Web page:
I explained in a previous post the difference in France between a Baker (boulanger) and a Pastry Chef (Pâtissier), but I’ll touch on it again:
- The “boulanger” makes bread, croissants, chocolate bread (pain au chocolat), raisin bread (pain au raisin) and some basic pies
- The “pâtissier” ONLY makes elaborate cakes (sometimes candy and chocolates)
- These are two very different jobs. Different shops also.
- The boulanger works with “live dough”. The pâtissier with “dead dough”. Live dough evolves and grows, hense the name…
- The boulanger works with a very hot oven and keeps it at the same temperature all day long. He may have a separate oven for croissants…
- The pâtissier plays a lot with temperatures and several types of ovens
- Boulangers may sell pastries sometimes but they are never as good as the ones you’ll get at a pastry shop
In my town of Libourne, the best boulanger is Sylvain Marie. His shop is near the train station. He never uses frozen dough or ingredients, which makes him and his products really stand out in an industry where everyone wants to make a fast buck. He bakes small quantities of bread every half hour so his customers can purchase warm bread all day long… His bread truly is to die for and his incredible sense of humour is a great bonus when you visit his little shop.
The only thing I can’t share with you though text or pictures is obviously the incredible scent. You’ll just have to come spend a Foodie Day with me to get the full experience :0)
23 Comments Add yours
These photos make me so hungry and the bakery looks cozy ❤️
A great post and again very very good pictures. I can’t forget the smell of fresh bread and croissants when we entered the bakery every morning.
I wish I could bake bread like this. I’ve tried! No comparison. 🙂
Great post. I think he wanted to charge me to take a photo!
Two of my favorite places…actually when I travel to a new place I love finding the bakery of the local town. France is wonderful to have the two types distinguished.
This bread looks VERY good; like i taste
You are so lucky to have a baker like that nearby. I enjoy that a lot when we are in France. Here my best bet is to bake myself.
How lovely, I can almost smell that bred from here. I’m pleased to hear the quality is on the rise again as I’ve been a bit disappointed with some of the bread and croissants I’ve had in France in recent years, not that it’s a problem unique to France. It’s so depressing when you arrive for breakfast at a good hotel and are given something that you could have bought in the supermarket (but wouldn’t). Vive le boulanger!
Nothing like the smell wafting out of my local boulangerie.
Bread, wine cheese, life’s basics, although I won’t settle for basic, I want best. I know you have best at your fingertips, you tantalize me often enough with your photos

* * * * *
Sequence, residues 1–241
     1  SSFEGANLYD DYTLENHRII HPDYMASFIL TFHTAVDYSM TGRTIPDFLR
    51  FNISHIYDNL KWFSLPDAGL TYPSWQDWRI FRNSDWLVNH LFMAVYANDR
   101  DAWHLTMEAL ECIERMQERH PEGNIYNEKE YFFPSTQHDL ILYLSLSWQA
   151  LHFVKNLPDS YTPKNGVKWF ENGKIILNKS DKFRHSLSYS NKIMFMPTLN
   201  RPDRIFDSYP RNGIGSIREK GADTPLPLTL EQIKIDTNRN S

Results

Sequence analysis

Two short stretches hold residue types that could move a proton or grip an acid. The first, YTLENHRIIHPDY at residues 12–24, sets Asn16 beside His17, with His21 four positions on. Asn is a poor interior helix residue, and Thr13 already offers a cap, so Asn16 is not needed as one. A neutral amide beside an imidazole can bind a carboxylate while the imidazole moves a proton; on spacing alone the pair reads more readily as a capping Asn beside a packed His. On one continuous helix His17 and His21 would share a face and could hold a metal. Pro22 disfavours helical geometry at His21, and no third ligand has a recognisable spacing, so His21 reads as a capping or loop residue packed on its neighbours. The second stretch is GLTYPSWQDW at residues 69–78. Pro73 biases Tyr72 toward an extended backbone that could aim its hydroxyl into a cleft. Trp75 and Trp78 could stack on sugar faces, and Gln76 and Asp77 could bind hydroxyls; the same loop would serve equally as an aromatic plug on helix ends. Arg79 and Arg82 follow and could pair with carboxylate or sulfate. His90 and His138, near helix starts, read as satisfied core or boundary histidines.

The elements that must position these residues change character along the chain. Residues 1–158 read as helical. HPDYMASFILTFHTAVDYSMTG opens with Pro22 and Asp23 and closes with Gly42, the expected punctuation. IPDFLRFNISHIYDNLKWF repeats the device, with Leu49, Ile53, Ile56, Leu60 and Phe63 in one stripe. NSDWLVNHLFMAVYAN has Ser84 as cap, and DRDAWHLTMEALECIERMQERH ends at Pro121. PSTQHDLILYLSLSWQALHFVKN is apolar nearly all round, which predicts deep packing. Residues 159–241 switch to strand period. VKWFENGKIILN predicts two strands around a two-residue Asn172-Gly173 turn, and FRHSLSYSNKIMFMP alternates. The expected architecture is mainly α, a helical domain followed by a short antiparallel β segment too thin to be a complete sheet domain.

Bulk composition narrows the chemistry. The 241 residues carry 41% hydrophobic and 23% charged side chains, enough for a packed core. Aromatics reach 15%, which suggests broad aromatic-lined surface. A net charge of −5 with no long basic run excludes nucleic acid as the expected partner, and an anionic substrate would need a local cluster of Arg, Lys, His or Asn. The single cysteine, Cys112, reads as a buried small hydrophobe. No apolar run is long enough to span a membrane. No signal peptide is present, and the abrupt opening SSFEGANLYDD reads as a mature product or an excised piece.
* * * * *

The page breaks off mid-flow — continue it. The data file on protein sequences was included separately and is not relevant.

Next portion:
Wow amazing pictures. You’re lucky to get a behind the scenes tour. I absolutely loved the boulangeries and patisseries during my year in France. That was probably what was behind the weight gain… but it was oh-so worth it!
more French recipes!!! LOL
Oh Stéphane, you know I would love to be smelling that bread with you! My tomatoes are starting to ripen so I plan on making Paulette’s stuffed tomatoes quite soon. 🙂 xoxo
Ooo, la, la! My kind of place. I can smell the aroma ever so faintly. 🙂
Thanks for the clarification!
wish the US has such things common. I’ve got to get back into baking, but the last few times my tries completely failed.
Yesterday, as we drove to our local farm partners to pick up produce for processing today, we stopped at a tiny bakery in a tiny town that has about 25 wineries. I bought a croissant with hazelnut and poppyseed and it was so crispy and so delicate I am very glad it is on my weekly route but not any closer. I have no idea how it would compare with your boulangerie, but it sure is leaps and bounds better than the in-store baked goods most people think is good.
I spent a few hours early one morning with our local baker in February last year, he was showing me how he makes bread, I was learning a little bit about the life in the boulangerie for the blog. It was one of the most enlightening mornings I have had for a very long time. It is a tiny boulangerie in our village, but likewise, nothing is frozen. He has a fabulous reputation and people come from miles around just for his baguettes.
These guys are few and special. So glad you had this experience. The quality of bread in France has gone down since the 70s. I find it has gone back up over the past few years with the foodie wave…
I miss going into the boulangerie and getting fresh bread. It was one of my favourite parts of visiting France. And Boulangerie Marie sounds like he knows his stuff! 🙂
Wonderful. Not sure how I will survive if one day I shall leave France again… We love t go to a bakery that sells warm chocolate viennoise all day long – my son never runs faster than when I tell him we go there 😉